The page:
Our skin is fragile. If we do not take steps to keep it healthy, or to distribute the pressure put on it, pressure injuries can occur. Commonly known as “bedsores”, “pressure ulcers”, or “pressure sores”, pressure injuries can happen to anyone. However, those with limited mobility and are confined to a bed or wheelchair, the eldery, and those with malnutrition are especially vulnerable.


It takes recognition of the first stages, as well as prevention through the use of skin protecting products, to keep bed sores away. This is easily achieved through the supplies available from Medical Supply Depot.

What is it?

A pressure injury is the result of localized pressure that damages the skin and underlying soft tissue. The force’s longevity and intensity determine how quickly one progresses through the stages of damage. This type of wound tends to occur around bony parts of the body—such as the hips, elbows, heels, etc.

The two types of injury

Both result in tissue deformation and/or hindrance to blood flow caused by the compression of blood vessels:

  1. Pressure is force exerted perpendicularly to the skin
  2. Shear is force exerted parallel to the skin

The four stages

  • Stage 1: Discolored skin that does not blanch (turn white) to the touch.
  • Stage 2: The top layer of skin is lost.
  • Stage 3: The fatty layers of skin are exposed.
  • Stage 4: Muscle and bone are exposed.


If you are confined to a bed or wheelchair, change your position often—anywhere from a few hours to every 15 minutes depending on your situation. A Wheelchair Seat Cushion is recommended to help distribute weight comfortably. There are also special pads and mattresses available for the bed.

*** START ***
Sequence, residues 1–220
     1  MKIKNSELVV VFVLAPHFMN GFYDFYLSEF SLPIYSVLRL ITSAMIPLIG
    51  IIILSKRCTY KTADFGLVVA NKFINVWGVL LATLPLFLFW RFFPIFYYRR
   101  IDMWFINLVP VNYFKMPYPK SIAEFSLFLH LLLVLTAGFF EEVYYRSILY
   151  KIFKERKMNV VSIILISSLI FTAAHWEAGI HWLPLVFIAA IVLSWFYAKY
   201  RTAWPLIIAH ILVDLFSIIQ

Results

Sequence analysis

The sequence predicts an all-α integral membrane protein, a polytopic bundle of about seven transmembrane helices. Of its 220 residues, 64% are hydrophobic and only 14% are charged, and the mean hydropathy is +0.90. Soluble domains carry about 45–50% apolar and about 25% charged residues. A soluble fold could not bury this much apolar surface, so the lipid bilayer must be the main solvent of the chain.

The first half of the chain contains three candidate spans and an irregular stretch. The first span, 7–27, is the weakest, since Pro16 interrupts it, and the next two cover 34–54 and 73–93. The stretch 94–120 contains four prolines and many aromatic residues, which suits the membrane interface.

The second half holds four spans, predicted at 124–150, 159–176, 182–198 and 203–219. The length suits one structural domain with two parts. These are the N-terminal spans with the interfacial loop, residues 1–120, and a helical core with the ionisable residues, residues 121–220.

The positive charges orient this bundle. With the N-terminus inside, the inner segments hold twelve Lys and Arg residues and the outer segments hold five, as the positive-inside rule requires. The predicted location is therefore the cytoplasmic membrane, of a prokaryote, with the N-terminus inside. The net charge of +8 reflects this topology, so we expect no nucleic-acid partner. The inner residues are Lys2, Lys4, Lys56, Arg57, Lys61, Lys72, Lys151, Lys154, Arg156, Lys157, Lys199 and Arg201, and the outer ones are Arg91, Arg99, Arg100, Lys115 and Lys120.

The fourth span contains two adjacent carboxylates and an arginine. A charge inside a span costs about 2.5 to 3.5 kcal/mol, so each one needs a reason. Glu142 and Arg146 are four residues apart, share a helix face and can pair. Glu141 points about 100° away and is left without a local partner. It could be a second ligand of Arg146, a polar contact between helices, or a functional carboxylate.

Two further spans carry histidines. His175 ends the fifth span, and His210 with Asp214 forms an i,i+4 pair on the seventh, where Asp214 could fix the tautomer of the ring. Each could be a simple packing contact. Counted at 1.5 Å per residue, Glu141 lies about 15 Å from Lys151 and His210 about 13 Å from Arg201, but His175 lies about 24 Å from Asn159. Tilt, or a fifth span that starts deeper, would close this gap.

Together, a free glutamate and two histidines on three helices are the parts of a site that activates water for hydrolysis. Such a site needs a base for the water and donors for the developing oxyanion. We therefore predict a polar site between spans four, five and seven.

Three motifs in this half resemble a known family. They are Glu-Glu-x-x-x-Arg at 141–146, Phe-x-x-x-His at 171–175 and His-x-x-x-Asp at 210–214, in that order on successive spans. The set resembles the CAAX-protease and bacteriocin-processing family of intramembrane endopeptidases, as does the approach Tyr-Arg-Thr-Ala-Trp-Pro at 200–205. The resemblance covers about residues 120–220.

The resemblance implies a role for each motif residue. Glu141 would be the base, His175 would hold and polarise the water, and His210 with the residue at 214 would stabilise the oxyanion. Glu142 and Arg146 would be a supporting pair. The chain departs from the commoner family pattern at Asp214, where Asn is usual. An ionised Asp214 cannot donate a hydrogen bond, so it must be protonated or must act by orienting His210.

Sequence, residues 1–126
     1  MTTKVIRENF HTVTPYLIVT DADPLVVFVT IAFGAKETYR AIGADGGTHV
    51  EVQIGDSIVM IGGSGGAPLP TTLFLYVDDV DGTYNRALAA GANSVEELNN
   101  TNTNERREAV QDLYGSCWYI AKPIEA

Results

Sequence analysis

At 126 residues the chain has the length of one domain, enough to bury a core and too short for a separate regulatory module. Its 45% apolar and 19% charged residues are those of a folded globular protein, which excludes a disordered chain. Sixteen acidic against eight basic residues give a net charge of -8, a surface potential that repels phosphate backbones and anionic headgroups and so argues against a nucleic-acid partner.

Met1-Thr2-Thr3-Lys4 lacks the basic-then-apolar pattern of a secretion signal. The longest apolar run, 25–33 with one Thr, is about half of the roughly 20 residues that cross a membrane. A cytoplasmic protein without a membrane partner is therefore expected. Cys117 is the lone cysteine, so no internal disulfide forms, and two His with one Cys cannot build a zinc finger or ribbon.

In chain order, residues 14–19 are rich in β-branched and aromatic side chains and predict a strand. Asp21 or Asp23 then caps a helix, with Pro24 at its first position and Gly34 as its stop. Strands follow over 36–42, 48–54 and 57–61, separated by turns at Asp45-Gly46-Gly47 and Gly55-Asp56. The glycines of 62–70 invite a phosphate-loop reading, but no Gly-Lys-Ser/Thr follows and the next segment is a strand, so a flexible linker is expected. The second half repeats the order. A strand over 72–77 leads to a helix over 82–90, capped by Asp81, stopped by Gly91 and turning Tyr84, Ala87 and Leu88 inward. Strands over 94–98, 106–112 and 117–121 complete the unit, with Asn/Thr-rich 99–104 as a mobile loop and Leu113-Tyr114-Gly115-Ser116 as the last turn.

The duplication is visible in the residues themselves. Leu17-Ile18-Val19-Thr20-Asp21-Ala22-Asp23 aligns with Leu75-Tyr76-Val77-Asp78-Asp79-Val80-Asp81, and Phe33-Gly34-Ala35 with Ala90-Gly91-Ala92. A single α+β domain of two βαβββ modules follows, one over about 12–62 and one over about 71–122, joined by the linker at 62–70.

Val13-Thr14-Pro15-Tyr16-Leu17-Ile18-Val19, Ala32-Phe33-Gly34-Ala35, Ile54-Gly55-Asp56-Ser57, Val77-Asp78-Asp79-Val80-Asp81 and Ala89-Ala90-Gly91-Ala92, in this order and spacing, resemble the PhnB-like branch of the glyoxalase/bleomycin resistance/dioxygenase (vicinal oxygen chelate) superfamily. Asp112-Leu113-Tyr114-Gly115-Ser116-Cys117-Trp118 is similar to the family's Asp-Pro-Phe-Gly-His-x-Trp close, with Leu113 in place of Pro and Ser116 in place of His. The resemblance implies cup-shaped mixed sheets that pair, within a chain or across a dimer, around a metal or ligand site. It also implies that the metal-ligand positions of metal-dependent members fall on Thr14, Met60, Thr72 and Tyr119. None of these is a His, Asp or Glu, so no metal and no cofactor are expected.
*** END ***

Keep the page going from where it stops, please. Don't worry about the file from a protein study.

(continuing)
Feeding your body the right nutrition is necessary for wounds to heal quickly and properly. Drink water and eat plenty of healthy foods.


Skin care is of utmost importance. Moisturizers like Sween Cream Body Cream, or barrier creams such as Proshield Plus Skin Protectant for those who have incontinence, will prevent skin from becoming too dry or too wet.


If you notice that the wound is getting smaller and soft pink tissue is forming around the edges, the pressure injury is healing. Bleeding is a good sign too, as this means there is blood circulation in the area.


On the other hand, if you feel tenderness and warmth, see pus, smell a foul odor, or experience a fever, you may have an infection. You should contact your doctor right away.


To purchase the preventative tools and search for other medical products that might be helpful to you or a loved one, visit https://www.medicalsupplydepot.com.


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